Ian Burkhart prepares for a training session in Columbus, Ohio. To move muscles in Burkhart's hand, the system relies on electrodes implanted in his brain, a computer interface attached to his skull, and electrical stimulators wrapped around his forearm. Lee Powell/The Washington Post/Getty Images hide caption

toggle caption Lee Powell/The Washington Post/Getty Images

Technology Helps A Paralyzed Man Transform Thought Into Movement

  • Download
  • <iframe src="https://www.npr.org/player/embed/473821367/474120958" width="100%" height="290" frameborder="0" scrolling="no" title="NPR embedded audio player">
  • Transcript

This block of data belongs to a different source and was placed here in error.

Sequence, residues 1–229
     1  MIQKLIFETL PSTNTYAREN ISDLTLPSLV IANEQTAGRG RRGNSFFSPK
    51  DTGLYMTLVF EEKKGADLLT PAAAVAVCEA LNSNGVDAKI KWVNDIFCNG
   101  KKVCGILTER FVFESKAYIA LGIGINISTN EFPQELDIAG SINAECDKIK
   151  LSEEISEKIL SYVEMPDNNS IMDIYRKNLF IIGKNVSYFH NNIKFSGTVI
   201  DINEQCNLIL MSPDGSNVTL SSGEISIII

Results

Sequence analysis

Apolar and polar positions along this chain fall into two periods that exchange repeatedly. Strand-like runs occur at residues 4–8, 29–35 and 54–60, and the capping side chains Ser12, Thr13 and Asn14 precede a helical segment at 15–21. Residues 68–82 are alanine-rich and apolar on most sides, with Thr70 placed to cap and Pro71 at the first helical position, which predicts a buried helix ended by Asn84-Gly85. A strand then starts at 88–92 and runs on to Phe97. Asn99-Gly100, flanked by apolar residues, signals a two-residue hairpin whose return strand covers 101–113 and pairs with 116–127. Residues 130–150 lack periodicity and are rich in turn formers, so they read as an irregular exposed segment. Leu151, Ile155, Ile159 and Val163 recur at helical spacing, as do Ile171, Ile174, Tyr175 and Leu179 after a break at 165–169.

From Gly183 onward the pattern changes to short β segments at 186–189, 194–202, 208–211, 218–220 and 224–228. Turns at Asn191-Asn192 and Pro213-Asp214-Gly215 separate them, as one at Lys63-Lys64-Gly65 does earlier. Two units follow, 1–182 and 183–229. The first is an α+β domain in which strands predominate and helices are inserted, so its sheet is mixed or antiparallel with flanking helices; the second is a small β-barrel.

By increasing the amount of serotonin in the spinal cord, an experimental drug helps nerve connections work better. Bee Smith/Ocean/Corbis hide caption

toggle caption Bee Smith/Ocean/Corbis

A Drug Might Heal Spinal Injuries By Sparking Nerve Growth

  • Download
  • <iframe src="https://www.npr.org/player/embed/368058568/368282951" width="100%" height="290" frameborder="0" scrolling="no" title="NPR embedded audio player">
  • Transcript

Kent Stephenson, a research participant at the University of Louisville's Kentucky Spinal Cord Injury Research Center, has his level of muscle activity and force measured by Katelyn Gurley. Courtesy of the University of Louisville hide caption

toggle caption Courtesy of the University of Louisville